These are some summer reads which left an impression; now my stack and library card are humming and wriggling, with all the CanLit prizelist reading – including my new Shadow Jury reading responsibilities towards the 2018 Giller Prize – but these books insist on a sliver of the spotlight.
Mumbai remains an important character in Aravind Adiga's fiction, but the main character in Selection Day is something else: cricket. Scribner -S&S, 2016 In fact, in the "Glossary of Cricket Terms" in the novel, he writes: "India: A country said to have two real religions – cinema and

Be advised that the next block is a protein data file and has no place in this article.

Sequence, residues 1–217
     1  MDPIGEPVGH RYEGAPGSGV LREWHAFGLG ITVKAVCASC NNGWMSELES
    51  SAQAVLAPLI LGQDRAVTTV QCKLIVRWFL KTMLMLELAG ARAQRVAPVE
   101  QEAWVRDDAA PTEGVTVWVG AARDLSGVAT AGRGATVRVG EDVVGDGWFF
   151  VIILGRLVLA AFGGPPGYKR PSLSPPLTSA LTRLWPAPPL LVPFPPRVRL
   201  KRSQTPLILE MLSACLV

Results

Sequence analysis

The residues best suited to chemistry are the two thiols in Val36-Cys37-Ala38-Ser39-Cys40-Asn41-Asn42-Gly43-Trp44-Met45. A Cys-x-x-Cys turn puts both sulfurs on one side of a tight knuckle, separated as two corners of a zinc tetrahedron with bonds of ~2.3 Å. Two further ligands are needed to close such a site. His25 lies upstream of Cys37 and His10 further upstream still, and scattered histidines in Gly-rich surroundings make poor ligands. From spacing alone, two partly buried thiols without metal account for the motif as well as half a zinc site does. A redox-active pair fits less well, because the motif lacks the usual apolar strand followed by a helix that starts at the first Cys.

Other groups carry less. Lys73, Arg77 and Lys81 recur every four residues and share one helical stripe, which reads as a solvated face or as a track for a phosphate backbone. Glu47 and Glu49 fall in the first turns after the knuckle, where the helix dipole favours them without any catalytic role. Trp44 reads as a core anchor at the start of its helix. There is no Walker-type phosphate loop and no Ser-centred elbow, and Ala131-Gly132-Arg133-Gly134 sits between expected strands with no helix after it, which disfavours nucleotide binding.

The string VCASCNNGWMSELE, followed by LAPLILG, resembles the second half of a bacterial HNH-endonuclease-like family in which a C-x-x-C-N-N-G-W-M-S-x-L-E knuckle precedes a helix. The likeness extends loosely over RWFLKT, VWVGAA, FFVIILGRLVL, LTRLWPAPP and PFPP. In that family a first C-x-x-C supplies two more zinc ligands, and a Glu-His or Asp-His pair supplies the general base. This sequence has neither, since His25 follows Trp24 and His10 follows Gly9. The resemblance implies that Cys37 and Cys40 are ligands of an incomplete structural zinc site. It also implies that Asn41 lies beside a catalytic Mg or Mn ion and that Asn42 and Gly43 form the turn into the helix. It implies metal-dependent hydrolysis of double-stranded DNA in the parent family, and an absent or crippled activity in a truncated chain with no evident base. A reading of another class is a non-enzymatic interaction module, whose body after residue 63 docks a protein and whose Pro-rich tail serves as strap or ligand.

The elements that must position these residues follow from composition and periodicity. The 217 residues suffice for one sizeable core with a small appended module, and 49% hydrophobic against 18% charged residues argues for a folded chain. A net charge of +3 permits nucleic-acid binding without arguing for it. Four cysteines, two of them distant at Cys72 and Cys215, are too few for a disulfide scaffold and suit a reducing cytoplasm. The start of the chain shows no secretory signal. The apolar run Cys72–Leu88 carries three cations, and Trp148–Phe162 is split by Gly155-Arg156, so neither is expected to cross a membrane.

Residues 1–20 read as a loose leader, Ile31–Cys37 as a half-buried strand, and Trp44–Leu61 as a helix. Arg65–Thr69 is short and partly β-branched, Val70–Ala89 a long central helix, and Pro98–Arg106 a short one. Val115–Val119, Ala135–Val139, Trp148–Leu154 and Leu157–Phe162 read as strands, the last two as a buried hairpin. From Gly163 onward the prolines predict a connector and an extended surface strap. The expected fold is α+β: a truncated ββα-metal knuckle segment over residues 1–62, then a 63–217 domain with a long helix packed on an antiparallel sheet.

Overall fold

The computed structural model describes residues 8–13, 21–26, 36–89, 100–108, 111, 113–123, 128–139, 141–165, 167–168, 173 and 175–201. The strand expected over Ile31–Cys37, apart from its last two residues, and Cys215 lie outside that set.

Once again, my idea of reading more non-fiction this year didn't materialize. During Non-Fiction November, so many people were actually reading books that I have been meaning to read but I picked up a novel or collection instead. Nonetheless, I've squeezed in a few. Julia Shaw's The Memory Illusion (2016) Memory
Conflicted: that describes my first impressions after meeting Pillow in Andrew Battershill's Giller-nominated novel of the same name,and it also describes his perspective on the world. It's hard to be Pillow, to see all the angles which converge and diverge simultaneously on any single thought he has. For instance: "Pillow
The dedication to Padma Viswanathan's second novel: For the lost, and for the living. Random House of Canada, 2014 Therein, the reader haa a clue, for The Ever After of Ashwin Rao is equally preoccupied with losing and living. The novel opens in 2004, on the precipice of the trial which